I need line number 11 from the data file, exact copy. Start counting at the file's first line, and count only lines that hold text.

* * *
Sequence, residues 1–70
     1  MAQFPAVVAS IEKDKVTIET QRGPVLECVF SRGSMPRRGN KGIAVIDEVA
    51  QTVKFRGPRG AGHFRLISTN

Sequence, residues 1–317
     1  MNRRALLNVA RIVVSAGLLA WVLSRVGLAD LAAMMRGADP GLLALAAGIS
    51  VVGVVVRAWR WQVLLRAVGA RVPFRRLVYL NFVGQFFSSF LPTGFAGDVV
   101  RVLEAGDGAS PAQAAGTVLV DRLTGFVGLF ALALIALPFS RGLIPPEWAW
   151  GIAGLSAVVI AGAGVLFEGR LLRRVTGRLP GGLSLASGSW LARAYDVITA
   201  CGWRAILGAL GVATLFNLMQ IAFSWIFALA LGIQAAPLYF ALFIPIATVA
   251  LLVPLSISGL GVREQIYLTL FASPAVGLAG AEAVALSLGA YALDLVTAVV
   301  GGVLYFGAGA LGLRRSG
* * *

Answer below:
   301  GGVLYFGAGA LGLRRSG